You may be mommy-tracked at work.  You may see a man with less experience get promoted over you.  You may be asked on dates by random guys on the street, guys who may get mean when you turn them down.  You may have someone grab you, not even ask, and “just start kissing” – as the new President-elect has gloated he does.  These are all things that have happened to me.  This was why I was so upset last Wednesday.  Because the election results made me feel as though half of my fellow Americans think that’s acceptable, and it is not.

Now, a promise for you.  Or really, a renewal of a promise, because this is what I told you when you were born:

I am your mom, and I will always be here for you.  I will smooth your path if I can.  I know where the stumbling blocks and holes are, because I walked up ahead to do reconnaissance for you.  I will hold your hand, I will be your guide if you’ll let me, and I will always have your back.  If you want to walk on your own for awhile, I’ll let you, but know that I’ll be right there on the path too, if you need company later.  I’ll never stop telling you that you are smart, and capable, and brave, and compassionate, and loved for the bright little person you are.  When Daddy sings you songs he’s made up about the Mars rover, he’s telling you that you’re smart.  When I read you stories about bold, brave, adventurous and independent girls like you, I’m telling you that you’re capable and strong and in no need of any prince to rescue you.  And if you ever need me to, I’ll put on my spikiest stilettos and kick some ass on your behalf.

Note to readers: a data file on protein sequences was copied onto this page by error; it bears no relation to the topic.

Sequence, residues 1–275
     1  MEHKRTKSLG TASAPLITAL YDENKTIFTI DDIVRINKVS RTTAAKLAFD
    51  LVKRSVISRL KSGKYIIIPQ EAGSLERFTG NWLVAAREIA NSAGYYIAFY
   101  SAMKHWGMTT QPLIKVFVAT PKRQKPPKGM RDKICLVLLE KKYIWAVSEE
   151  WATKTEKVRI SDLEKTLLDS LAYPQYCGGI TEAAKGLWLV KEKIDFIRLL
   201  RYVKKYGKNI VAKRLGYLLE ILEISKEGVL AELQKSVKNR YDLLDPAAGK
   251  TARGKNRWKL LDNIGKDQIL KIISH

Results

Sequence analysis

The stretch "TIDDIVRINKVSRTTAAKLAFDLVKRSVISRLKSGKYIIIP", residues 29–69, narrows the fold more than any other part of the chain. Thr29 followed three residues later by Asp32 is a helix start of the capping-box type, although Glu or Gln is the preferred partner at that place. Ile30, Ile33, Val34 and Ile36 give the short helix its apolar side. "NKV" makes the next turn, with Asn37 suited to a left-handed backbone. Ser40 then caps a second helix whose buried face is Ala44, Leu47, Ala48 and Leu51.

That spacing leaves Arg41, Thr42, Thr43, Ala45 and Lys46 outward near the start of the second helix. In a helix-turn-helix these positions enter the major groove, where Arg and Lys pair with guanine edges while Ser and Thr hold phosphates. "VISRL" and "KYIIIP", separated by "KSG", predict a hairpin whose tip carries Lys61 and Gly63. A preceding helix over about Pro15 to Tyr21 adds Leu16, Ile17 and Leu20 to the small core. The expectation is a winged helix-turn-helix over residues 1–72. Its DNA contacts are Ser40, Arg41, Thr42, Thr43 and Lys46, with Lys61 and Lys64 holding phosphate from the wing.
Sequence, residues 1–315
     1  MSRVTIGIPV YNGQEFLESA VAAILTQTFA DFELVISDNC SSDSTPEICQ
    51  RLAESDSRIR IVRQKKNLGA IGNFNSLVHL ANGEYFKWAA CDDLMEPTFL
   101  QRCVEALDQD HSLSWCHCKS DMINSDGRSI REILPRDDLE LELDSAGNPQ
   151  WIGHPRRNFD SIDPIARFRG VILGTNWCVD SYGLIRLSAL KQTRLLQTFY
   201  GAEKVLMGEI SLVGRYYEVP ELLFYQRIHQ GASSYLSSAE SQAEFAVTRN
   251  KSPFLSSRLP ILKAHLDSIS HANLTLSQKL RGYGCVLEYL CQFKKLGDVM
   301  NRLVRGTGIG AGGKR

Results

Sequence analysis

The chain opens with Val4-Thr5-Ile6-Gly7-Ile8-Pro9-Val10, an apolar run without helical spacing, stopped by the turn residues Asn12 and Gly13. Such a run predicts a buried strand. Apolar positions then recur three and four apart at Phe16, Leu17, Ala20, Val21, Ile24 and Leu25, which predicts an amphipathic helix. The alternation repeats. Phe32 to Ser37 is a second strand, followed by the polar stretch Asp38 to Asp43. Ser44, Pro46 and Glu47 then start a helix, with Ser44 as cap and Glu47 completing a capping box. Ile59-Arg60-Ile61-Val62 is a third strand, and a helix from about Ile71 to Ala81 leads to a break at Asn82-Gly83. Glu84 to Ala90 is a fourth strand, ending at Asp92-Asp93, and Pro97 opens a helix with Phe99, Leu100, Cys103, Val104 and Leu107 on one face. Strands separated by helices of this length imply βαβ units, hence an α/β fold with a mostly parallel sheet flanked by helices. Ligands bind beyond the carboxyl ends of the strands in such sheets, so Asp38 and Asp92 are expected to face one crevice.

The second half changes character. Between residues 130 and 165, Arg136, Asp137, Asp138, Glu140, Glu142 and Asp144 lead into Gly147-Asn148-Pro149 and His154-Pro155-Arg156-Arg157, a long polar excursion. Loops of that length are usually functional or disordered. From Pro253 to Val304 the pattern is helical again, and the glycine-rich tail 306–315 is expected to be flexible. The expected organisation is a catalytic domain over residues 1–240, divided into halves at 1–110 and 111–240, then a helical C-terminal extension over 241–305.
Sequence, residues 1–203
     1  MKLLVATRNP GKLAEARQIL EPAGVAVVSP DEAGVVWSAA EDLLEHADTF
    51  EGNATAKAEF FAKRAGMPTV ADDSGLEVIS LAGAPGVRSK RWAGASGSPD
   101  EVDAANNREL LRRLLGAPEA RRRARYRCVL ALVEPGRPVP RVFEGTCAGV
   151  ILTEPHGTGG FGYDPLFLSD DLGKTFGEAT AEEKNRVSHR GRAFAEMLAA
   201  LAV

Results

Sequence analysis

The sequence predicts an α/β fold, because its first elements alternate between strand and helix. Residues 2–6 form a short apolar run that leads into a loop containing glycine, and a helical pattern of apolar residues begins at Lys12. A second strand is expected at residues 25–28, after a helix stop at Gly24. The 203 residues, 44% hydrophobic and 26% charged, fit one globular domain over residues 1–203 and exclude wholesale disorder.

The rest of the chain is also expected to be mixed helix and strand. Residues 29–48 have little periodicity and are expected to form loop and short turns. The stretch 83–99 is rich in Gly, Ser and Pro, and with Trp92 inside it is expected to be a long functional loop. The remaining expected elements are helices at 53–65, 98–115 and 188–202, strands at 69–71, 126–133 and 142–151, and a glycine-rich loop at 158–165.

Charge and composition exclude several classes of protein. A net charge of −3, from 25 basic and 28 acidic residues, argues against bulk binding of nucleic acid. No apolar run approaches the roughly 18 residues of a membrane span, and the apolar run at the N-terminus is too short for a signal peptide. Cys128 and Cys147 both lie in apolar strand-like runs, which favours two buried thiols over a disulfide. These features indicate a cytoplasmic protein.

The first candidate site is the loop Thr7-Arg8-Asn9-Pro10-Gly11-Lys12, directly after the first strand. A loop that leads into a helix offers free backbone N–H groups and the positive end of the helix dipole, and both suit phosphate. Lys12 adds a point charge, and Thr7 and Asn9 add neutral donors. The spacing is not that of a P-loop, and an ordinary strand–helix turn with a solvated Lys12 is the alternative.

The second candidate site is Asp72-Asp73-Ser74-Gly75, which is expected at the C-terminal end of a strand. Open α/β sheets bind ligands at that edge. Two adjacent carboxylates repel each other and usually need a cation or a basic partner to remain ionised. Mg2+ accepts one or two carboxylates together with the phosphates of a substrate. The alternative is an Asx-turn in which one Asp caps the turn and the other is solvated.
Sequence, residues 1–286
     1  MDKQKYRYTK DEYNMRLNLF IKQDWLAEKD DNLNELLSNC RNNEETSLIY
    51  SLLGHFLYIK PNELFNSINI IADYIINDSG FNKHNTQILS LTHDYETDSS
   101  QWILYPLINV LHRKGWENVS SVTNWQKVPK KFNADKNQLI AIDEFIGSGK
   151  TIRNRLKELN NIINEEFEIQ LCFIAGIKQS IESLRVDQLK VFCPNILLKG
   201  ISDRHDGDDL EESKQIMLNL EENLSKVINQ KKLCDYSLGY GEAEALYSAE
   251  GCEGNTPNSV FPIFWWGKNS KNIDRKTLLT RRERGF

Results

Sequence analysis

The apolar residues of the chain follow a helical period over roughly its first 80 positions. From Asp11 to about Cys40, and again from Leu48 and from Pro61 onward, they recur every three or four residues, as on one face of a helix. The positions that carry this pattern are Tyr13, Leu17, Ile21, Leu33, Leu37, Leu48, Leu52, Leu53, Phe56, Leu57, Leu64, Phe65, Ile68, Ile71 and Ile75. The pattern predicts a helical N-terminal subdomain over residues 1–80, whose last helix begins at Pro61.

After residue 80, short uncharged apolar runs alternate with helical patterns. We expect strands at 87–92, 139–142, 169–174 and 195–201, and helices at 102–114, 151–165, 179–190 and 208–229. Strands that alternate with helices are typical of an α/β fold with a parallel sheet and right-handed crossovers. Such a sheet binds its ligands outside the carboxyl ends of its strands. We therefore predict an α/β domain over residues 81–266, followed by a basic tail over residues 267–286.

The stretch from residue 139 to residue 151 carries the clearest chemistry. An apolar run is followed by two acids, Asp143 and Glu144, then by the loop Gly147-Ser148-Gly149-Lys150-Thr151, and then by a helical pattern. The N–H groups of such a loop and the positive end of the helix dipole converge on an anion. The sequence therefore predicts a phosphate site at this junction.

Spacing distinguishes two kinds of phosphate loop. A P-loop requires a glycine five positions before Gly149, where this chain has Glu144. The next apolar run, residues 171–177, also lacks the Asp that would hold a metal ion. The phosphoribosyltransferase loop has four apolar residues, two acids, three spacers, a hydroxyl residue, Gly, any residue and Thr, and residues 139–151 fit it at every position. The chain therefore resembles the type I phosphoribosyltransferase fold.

Your turn, little boy.  I have some hard truths for you, too.

You have been born into a world where you are going to have many advantages based entirely on the fact that you are white and male.  You are privileged beyond the wildest dreams of most of the rest of the world.  Like your sister, you are a white upper middle class child living in an affluent suburb.  But you have an advantage that she doesn’t: you’re a boy.  You’re going to grow up to be a white American man (probably), and as Peter Parker’s uncle would say, “with great power comes great responsibility.”  When you have privileges that you’ve done nothing to earn (and I say this with nothing but love in my heart for you, little one) you owe a duty to wield those privileges with compassion and honor.

So here’s my promise to you, again a renewal of the promise I whispered in your ear as I held you in my arms, only a few days old, watching snow fall outside of your nursery: